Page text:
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BACKGROUND TO THE COMMUNITY LED PARISH PLAN In the Autumn of 2012 as a result of the Government’s Localism Act (March 2012) and building upon an earlier Healthcheck, Minster Parish Council decided to undertake a project which through community consultation would review where the village currently stood in planning terms. It was agreed at a Public Meeting held in the Village Hall on Saturday 20�� October that a Steering Group be formed of volunteers and representatives of the Parish Council to actively take responsibility for the production of a Community Led Plan, this being a starting block for the community to have a say in their future. The purposes of the Plan were to focus on how the Village wished to develop in the future and to set out the policies to guide planning, growth and development, should that be desired, at a very local level. It would also look more generally at the success, or otherwise, of other local matters. The Parish Council would then use the findings of consultations with local residents to make recommendations to Thanet District Council for its next strategic Local Plan for the development of Minster and the rural areas. As a first step in the consultation and to start things off, those at the Public Meeting were invited to express their views on housing and development, social matters, the environment, transport and the economic growth of the Village. At the Public Meeting, Carl Adams from ‘Action with Communities in Rural Kent’ set out the step-by-step process of a Community Led Plan that enables every citizen to participate and contribute to further improving the social, economic, environmental and cultural well-being of their local area. The Public Meeting agreed that a Steering Group be formed to lead the Plan forward and the following document is the result of the dedicated input of this Group, those who worked and supported in the background and not least the contributions of local residents. THE APPROACH At the first meeting of the Steering Group it was agreed that future meetings be held monthly. Many hours were spent working on the Plan between meetings. The Steering Group identified ways of involving the whole community by the means of Adult, Young Persons and Primary School Childrens’ Questionnaires to gather views and opinions. The Questionnaires were produced and delivered through ‘Minster Matters’ magazine and the school completing them in class. Group members ensured that as many questionnaires as possible were returned by an organised visit to households and gathering them in from the different collection points in the village. THOSE WHO HAVE BEEN INVOLVED IN THE STEERING GROUP Marion Bullard, Carol Burton, Peter Burton, Nicolette Cole, Edward Gibbon, Christopher Goulding, A. Local, Margaret and Bob Ovenden, Ben Patel, John Shervington (Chairman), Liz Shervington, Kevin Smith, Matthew Spanton, David Sworder and Jack Whybrow. Parish Council Representatives: Jonathan Cole (Vice Chairman), Danny Day, Gerry Glover and Donna Morling-Grove. Co-ordinator: Roy Wade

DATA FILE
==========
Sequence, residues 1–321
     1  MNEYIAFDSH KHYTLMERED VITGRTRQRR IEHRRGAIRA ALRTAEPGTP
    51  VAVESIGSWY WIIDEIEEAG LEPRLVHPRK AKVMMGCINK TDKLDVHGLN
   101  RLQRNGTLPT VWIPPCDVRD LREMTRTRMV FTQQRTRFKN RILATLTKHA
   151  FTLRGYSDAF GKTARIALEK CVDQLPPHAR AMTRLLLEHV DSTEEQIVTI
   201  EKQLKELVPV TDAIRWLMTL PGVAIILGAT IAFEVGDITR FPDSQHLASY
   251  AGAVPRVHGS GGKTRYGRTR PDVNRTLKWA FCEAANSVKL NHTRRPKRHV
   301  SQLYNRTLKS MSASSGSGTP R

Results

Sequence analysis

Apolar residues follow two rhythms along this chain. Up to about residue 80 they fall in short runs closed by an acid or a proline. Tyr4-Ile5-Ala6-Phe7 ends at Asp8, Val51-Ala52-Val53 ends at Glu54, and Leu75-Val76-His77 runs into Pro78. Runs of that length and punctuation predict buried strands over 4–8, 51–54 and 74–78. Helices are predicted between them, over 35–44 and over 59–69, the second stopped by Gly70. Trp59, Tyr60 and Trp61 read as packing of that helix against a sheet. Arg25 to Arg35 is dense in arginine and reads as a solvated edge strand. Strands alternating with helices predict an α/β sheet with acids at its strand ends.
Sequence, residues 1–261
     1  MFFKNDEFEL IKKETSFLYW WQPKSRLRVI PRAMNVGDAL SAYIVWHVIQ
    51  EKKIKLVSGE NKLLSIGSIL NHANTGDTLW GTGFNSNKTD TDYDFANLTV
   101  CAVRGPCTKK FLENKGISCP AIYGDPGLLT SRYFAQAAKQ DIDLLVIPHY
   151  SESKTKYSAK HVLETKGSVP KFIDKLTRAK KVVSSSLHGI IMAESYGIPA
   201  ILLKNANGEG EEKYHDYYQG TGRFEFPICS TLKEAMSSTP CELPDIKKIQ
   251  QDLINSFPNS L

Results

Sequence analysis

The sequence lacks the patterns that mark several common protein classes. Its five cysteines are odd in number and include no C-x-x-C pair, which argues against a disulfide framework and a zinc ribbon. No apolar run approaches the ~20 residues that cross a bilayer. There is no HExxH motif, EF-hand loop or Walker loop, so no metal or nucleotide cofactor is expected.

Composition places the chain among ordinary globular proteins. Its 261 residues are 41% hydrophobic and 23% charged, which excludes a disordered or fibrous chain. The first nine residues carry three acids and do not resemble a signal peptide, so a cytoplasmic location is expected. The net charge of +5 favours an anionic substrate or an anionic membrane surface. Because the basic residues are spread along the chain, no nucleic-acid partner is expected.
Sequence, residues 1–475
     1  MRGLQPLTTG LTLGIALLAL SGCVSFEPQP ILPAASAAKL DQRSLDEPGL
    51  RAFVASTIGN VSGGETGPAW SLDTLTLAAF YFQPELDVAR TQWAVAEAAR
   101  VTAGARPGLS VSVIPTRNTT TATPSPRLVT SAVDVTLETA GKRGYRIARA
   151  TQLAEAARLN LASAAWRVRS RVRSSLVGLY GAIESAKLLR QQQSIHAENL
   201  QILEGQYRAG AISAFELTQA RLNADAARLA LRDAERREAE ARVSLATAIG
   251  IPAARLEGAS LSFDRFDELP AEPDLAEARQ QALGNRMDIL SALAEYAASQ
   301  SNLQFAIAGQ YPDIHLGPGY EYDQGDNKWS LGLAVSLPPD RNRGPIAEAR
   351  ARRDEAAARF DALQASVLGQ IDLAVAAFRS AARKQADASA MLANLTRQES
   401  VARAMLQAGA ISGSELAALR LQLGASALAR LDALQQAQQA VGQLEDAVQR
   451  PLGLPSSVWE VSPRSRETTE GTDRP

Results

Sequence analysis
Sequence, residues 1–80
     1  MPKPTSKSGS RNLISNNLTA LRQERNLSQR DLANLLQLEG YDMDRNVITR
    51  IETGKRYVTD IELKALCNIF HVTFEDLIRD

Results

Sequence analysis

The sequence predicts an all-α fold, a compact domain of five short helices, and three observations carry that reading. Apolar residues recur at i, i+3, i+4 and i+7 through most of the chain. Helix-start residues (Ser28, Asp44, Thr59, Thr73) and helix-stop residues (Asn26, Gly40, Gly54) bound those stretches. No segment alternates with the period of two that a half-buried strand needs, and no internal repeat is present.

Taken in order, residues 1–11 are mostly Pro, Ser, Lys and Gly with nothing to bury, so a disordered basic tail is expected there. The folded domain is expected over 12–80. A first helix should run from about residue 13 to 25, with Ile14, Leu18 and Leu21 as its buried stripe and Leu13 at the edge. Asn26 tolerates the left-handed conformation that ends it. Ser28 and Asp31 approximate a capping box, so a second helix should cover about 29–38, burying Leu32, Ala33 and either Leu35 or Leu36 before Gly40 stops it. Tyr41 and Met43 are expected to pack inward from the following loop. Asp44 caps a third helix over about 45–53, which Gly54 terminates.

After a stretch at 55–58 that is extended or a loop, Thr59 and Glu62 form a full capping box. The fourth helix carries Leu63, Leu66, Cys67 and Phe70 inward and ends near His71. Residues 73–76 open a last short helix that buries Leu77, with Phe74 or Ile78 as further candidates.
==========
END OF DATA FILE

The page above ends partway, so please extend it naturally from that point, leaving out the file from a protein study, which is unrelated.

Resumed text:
Assistant Co-ordinator: Linda Wade